Editor's note: For more coverage of the 2020 AAP Virtual National Conference & Exhibition, visit https://www.aappublications.org/news/2020/08/21/nationalconference2020.
Food insecurity no longer is a foreign term to most pediatricians. Yet, they may be unsure about what they can do to make a difference in the lives of those facing hunger.
Kofi D. Essel, M.D., M.P.H., FAAP, shares some advice and encouragement during a session titled “Food for Thought: Addressing Food Insecurity Through Policy and Practice,” which can be accessed via the virtual platform through Jan. 31, 2021.
“Hunger is not a temporary emergency that may be cured with a limited supply of food,” said Dr. Essel, a member of the AAP Section on Obesity. “Instead, hunger reflects a deeper, more profound systemic issue.”
In general, households with children experience higher levels of food insecurity than households without children, he said. And the COVID-19 pandemic has exacerbated the situation.
“During COVID-19 … we have seen food insecurity rates in households with children more than double to approximately 30% of all households with children,” said Dr. Essel, attending physician at Children's Health Center at Anacostia, Goldberg Center for Community Pediatric Health and director of Community/Urban Health Scholarly Concentration at The George Washington University School of Medicine and Health Sciences.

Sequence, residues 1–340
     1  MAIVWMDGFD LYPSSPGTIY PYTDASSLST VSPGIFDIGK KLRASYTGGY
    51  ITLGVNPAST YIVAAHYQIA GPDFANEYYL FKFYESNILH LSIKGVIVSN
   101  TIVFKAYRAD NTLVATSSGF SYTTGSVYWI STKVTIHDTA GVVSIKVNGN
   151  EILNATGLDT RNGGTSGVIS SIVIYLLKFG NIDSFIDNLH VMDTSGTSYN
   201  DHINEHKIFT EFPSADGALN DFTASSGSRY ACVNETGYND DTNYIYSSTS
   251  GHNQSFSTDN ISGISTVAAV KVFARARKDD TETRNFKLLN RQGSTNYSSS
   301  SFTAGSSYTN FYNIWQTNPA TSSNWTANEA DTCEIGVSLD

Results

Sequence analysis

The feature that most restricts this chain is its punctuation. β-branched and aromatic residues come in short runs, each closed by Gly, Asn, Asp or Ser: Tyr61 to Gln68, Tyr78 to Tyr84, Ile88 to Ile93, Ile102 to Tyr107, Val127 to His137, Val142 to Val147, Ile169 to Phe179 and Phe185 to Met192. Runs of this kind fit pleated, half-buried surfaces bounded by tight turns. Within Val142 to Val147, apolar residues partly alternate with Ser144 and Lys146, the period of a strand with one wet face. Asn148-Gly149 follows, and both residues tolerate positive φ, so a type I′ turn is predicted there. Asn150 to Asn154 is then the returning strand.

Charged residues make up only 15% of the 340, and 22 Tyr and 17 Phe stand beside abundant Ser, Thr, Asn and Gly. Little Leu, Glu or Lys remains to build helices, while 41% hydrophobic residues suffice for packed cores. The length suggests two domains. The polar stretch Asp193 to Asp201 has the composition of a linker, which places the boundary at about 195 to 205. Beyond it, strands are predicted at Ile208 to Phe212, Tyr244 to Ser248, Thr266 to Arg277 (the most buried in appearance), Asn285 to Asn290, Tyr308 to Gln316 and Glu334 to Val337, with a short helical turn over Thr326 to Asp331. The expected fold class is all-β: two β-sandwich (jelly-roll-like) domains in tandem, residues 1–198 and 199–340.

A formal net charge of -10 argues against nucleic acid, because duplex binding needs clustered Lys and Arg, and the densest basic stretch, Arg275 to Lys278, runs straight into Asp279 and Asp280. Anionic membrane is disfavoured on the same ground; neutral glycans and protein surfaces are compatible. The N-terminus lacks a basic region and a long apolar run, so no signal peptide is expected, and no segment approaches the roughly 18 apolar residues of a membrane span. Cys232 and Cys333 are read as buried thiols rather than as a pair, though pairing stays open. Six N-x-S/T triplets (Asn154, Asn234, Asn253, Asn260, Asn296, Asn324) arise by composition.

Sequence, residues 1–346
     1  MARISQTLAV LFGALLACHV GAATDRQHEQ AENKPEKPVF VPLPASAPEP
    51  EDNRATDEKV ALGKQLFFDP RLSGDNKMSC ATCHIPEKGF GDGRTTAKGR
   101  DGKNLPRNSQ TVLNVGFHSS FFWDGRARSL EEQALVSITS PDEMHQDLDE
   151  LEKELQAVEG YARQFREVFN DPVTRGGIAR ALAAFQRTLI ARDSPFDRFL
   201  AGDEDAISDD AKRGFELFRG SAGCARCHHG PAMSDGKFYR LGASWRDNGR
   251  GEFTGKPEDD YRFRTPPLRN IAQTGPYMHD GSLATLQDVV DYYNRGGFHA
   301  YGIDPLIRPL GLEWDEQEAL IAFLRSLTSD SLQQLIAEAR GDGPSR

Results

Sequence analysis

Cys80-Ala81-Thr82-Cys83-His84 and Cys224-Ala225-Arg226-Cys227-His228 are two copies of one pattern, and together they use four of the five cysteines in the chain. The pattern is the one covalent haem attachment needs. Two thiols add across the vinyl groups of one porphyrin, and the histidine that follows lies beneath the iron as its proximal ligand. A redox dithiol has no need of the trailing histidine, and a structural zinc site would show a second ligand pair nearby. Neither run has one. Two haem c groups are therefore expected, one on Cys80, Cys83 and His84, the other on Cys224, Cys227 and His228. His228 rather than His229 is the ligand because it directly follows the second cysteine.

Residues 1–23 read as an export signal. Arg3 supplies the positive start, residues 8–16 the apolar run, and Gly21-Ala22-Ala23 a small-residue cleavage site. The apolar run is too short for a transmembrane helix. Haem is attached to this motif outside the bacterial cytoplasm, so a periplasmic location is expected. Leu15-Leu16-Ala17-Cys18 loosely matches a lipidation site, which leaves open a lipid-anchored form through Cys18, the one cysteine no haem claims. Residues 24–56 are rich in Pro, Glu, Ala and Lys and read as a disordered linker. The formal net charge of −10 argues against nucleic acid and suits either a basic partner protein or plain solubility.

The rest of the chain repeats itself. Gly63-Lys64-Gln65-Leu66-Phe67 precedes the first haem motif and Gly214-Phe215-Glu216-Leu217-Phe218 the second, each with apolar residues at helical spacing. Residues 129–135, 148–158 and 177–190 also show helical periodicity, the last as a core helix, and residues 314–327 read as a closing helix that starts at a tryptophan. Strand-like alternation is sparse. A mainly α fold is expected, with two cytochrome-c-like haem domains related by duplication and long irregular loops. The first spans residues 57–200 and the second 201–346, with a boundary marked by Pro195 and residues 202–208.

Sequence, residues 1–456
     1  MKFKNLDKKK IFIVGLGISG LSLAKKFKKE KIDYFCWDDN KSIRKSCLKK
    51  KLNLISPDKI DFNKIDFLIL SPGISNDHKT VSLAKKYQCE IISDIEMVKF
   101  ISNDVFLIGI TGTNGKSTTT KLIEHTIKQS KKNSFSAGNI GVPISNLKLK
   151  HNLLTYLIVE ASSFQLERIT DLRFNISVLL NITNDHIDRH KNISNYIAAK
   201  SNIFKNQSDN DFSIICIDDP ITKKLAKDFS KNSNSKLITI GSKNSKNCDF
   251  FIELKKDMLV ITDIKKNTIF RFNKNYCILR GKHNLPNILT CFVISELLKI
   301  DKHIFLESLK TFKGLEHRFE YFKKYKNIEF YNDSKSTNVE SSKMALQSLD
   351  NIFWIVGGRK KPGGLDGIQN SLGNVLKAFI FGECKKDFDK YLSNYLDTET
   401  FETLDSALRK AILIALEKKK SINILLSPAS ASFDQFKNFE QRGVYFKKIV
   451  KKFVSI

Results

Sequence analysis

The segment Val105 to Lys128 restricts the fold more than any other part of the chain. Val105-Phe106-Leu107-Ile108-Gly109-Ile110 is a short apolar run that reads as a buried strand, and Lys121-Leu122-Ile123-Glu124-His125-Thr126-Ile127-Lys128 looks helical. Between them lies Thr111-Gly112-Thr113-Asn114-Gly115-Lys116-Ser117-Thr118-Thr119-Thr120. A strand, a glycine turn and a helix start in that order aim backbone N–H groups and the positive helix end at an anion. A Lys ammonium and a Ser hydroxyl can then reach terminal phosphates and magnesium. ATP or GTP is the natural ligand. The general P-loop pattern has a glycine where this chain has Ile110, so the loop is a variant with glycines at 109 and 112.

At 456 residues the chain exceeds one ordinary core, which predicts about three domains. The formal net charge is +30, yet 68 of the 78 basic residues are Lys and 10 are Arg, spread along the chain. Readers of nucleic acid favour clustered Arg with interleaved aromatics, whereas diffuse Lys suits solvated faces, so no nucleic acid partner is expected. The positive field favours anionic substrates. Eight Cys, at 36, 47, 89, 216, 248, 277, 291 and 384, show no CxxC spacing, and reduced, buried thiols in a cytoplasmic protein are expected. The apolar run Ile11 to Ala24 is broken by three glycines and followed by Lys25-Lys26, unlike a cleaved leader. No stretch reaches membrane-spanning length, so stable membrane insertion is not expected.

“The most recent data (on food insecurity) for households with children, or more specifically adult respondents with children, reveals African American households at 38.3%, Hispanic households at 36.7% and White American households at 24.9%, further highlighting the role of systemic injustices and racism in the country and the role of COVID-19 in amplifying an already damaging disparity,” Dr. Essel said.
During the session, Dr. Essel reviews AAP efforts to bring food insecurity to the forefront, including publication of the policy statement Promoting Food Security for All Children in 2015, followed by release of a toolkit for pediatricians in partnership with the Food Research & Action Center in 2017.
Dr. Essel said food insecurity is one of the most pervasive and damaging toxic stressors among families. He encourages pediatricians to screen all patients using tools such as the Hunger Vital Sign and intervene “with meaningful approaches that incorporate federal nutrition programs as the anchor to address food depravity followed by emergency relief programs such as food banks/pantries and soup kitchens.”
He also provides advocacy tips to enhance the health of families, neighborhoods and communities.
“As an anti-hunger advocate and passionate supporter of recognizing the role of food as a human right, I believe pediatricians will be encouraged by my brief, engaging and informative session,” Dr. Essel said. “Pediatricians will leave feeling empowered to take up their mantle and continue to advocate in and out of the clinic to seamlessly integrate clinical and population health care using their voices to impact change.”